HEALTH CARE COSTS are another big issue facing Maytag today. As a self-insured corporation, Krivoruchka said the company stands to spend as much as $150 million on health care costs for its employees and retirees this year, up 10 percent from last year’s costs.

Those costs were a big part of the recently negotiated union contract. After a nearly month-long strike, the local membership ratified a new four-year agreement where workers will pay a portion of their health insurance. Overall, the company said the new Newton union contract will save the company approximately $13 million, although the costs of operation locally continue to make the plant exempt for new product platforms based on the corporation’s safety, quality, delivery and cost matrixes for investment.

“We look at it as a shared responsibility,” Krivoruchka said. “There will be deductibles and copays.”

Maytag salaried workers are all part of the “Maytag Model” health care plan — an 80/20 shared cost.

Krivoruchka also noted the impact of safety issues on Maytag‘s cost of doing business.

“We take seriously our ability to provide a safe place to work,” he said. “Overall, Maytag‘s safety record is very good.”

The human resources director, however, noted that the hourly worker’s compensation costs in Newton are much higher compared to other production facilities. In Cleveland, Tenn., the hourly cost of covering worker’s compensation claims is 8 cents an hour. In Newton it stands at 64 cents, down from $1 two years ago.

“The challenge in Newton is getting those costs under control,” Krivoruchka said. “Newton is still the highest cost facility. They are making progress.”

Maytag also faces numerous business challenges. With the influx of Asian manufacturers into the appliance market, analysts expect continued downward pressures on pricing, Krivoruchka said.

As examples, he noted that a Maytag washing machine produced in 1974 pulled a $499 price tag while a model today, even with more features, draws only $439. The same is true in refrigeration, he noted. A side-by-side cost $1,600 in 1990 but only goes for about $1,000 today.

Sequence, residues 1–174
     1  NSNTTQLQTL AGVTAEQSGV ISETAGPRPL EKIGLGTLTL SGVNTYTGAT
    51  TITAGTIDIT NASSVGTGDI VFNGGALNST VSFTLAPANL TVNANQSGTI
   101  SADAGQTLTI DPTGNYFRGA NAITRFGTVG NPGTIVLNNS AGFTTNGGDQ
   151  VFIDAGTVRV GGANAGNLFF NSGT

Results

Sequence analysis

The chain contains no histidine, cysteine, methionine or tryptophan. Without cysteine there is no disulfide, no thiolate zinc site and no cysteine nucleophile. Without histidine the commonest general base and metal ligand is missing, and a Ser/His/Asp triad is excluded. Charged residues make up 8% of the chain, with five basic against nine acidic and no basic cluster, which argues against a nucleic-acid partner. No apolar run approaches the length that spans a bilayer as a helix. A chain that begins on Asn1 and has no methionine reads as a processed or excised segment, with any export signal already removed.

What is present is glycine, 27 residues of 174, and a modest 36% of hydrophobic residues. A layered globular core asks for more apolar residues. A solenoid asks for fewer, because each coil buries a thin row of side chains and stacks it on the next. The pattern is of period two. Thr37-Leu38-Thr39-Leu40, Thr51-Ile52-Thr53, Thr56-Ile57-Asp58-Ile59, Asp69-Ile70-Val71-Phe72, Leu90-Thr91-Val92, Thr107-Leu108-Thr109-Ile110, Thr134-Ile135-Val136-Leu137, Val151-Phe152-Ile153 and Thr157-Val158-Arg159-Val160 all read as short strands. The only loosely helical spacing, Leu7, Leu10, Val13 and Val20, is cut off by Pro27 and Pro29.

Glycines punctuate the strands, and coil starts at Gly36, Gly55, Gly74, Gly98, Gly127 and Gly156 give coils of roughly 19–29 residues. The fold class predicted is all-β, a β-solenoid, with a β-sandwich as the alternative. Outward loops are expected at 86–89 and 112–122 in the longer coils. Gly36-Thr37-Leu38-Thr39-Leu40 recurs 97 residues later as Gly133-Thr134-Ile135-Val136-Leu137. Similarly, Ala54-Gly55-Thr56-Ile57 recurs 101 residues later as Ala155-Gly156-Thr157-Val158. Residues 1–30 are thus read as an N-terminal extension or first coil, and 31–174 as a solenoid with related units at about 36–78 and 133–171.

With these business realities in mind, Krivoruchka asked that a two-way street dialogue be opened in the community.

“Our business challenges are not going to go away,” he said. “We have to reduce our fixed cost base. We want to look back at the community and ask for support of our business challenges and understand what we’re going through.”

On the other side, he said, Maytag needs to understand how it can be a better partner in the community. While it has a long tradition of community involvement — everything from assistance with the new Maytag pool, the development of a day care center to developing a local community college in a former plant building — its days as a paternalistic protector needs to move toward an asset partner with the community.

“We need to find ways to work together,” he said.

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3 Responses to “Maytag looks to form partnership with Newton community”

  1. Chemist Says:

    Who really now is engaged in the control of health? To mine it neglected the large pharmaceutical companies and the medical centers. There should be a centralized management WBR LeoP

  2. Suqita Abdullah Says:

    I need help with my range stove because it doesnot work any more it was purchased in 2002 at Good Housekeeper. The problem is that I cannot afford to pay for repairs due to my income ( I am experiences some over-whelming hardships due to a severpaid cut in wages). Therefore I am requesting some help with my Maytag double oven range repairs. Icannot afford the cost of this stove repairs and I suffer some chronic illness that require me to eat correctly and I cannot due to this stove problem. So if you can help me with this problem and get my stove repair I will be so greaterful.

    Thank You
    Ms.Suqita Abdullah
    313-478-0580
    16537 Chapel
    Detroit, Michigan
    HELP ME PLEASE!

  3. Rosie Says:

    I thank you for your comment.